Frank came over and told me the CQ sergeant had called, and I had to return. That meant DRF1 had been activated. Still acting non chalantly, I replaced Huckleberry Finn and begrugeounly told Cristi I had to go, that I was on call.
“Oh, you’re one of those 82nd guys,” she said, smirking more than smiling. “We’re used to seeing you in bad shape.” To my surprise, I learned she was in the army, too, and worked in the blood lab of the post hospital. She said she hoped to see me again, and told me that if I ever want to get my blood taken I should ask for her.
“There’s a new policy that probably came from you guys, anyone wanting a STD test can take one as often as they’d like.” Her smirk implied that she had a low opinion of drunken 82nd soldiers spreading sexually transmitted diseases in Fayetteville, and that she probably knew the mayor and post commander had been trying to solve it for years, especially now that AIDS had finally been acknowledged by the government and was no longer considered just a gay disease, especially among soldiers returning from ports all over the world and indulging in whatever they could when at home. I told her I’d try to do that, and collected my comic books from Frank and was back at Fort Bragg within 20 minutes.
The 504th was in chaos as people rushed back to the barracks and suited up. Our phone lines were cut, and no one was allowed to communicate with their loved ones. On television by the CQ desk, reporters converged on the airport and around our barracks and speculated on where we could be going. Most of the time, it was a drill and we were parachuted into an unknown location for a training mission while DRF2 and 3 were increased in readiness to DRF1. But, every two years or so, we deployed on real world missions. The last one had been Desert Shield. Before that was Panama, and before that was Honduras and the Dominican Republic. This time, it would be Haiti.
The situation was that a Haitian coup had left American dignitaries stranded in the embassy. 75% of the civilian population carried the HIV virus, and their blood was assumed to be deadly. We were authorized to shoot and kill any unarmed civilian before they were within splattering distance of any American. Our mission was to capture the airport and protect all Americans and await further orders.
This would be my first time as a squad leader, and I returned from our LT’s situation summary and plopped down with my team and communicated with them.
“I feel like shit,” I began, just to get that out of the way. I didn’t have an abundance of energy, and wouldn’t be joking as much as usual.
I explained the situation and listened to what they understood, and I was surprised at how little anyone knew about how the government worked. Perhaps I knew more because growing up around my Partin family discussing government policies and how that affected the Teamsters union and how the Teamsters union affected the government. My dad would tend to go on long rants with details far above my ability to understand, but over time the words coallesced into a pattern and I was able to understand news more quickly. And I had studied army policies for two years and had progressed in various soldier of this-or-that and had been drilled and questioned; I was up for soldier of the year that year, and a big component of the process was understanding and communicating policies. Or, perhaps I had earned that A in 12th grade civics class and had learned a lot. Regardless, it seems shocking to be given permission to kill unarmed civilians in their country simply because the president deemed it okay.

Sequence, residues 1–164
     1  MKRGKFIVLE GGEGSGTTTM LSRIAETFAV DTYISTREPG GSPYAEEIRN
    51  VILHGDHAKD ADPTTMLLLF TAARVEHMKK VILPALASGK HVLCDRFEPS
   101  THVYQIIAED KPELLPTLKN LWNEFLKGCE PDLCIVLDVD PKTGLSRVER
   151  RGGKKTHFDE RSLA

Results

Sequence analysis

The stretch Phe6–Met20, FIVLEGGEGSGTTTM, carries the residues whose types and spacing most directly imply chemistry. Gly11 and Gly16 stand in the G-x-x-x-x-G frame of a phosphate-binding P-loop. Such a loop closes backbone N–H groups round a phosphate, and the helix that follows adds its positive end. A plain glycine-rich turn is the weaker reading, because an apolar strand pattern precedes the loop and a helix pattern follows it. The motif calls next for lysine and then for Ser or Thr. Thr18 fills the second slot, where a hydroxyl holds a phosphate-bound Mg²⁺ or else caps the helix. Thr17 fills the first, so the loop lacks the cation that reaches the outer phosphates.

A nuance of American policy is that the president can order the military to do practically anything they want for 30 days without congressional approval. The policy is meant to cut through bureaocracy for emergencies – no one wants an act of congress to stop invading forces – and the 82nd was America’s Quick Reaction Force and therefore on call to world events that were planned months in advance, like planning to jump into Panama and capture Noriega, or happened surprisingly, like Iraq invading Kuwait and America responding within a few hours. The president is, by definition, the commander in chief and responsible for all branches of the military and our nuclear weapons, and for thirty days they have almost unlimited freedoms. A constitutional amendment added in the 20th centruy allowed congress the ability to deem the president unfit for that power and temporarily remove them from office or, in the case of sickness or surgery, to place the vice president in temporary power, but that ability required an act of congress and was therefore useless to us when we were on DRF1.
Bill Clinton had just become president, and was the first American president without a military background. Many soldiers who voiced their opinions thought that wasn’t right for a commander in chief, and though everyone knew that being a veteran doesn’t mean you’re talented or knowledgable or even care, there was something unsettling about being commanded by someone who had never stared down an enemy and decided who should live. And, Clinton was infamous for his tolerance of homosexuality in the military. Until then, being gay was a less than honorable discharge; more than a few had feigned it to simply get out, or hadn’t feigned it and thought that coming out was safer than staying in a hostile environment with opinionated people who drank freely and may not have believe the Ranger Creed deep down. Clinton had implemented the “Don’t ask, don’t tell” policy that would pave the way for allowing anyone to serve who could meet the requirements, but in 1992 most people were still inclined to believe the late 80’s association of AIDS with gays, and it was common to say that AIDS was God’s way of dealing with homosexuality, as if God were above his own commandments. Clinton, gays, and AIDS were sensitive subjects, and a couple of my young squad members voiced opinions that I felt I had to squelch, so I told them that my foster father had been gay and died of AIDS, and that I had learned a lot about the disease. It was a small lie born from being tired and needing to move the conversation forward, and I proceeded to tell them facts around HIV contamination and to remind them to remain calm in Haiti and follow their conscience and everything would be fine. By then, cherries outnumbered troopers with combat patches, and probably because of that I had credibility and avoided a long debate on morals. I told them about the Ranger Creed, and reminded them that we were a team, and I added that several of the All Americans were latino and could have family there, and to be respectful of their feelings, and someone said something wiser than their years: maybe if your creed viewed us as All Humans we wouldn’t need to discuss this as much, and I think he was probably right.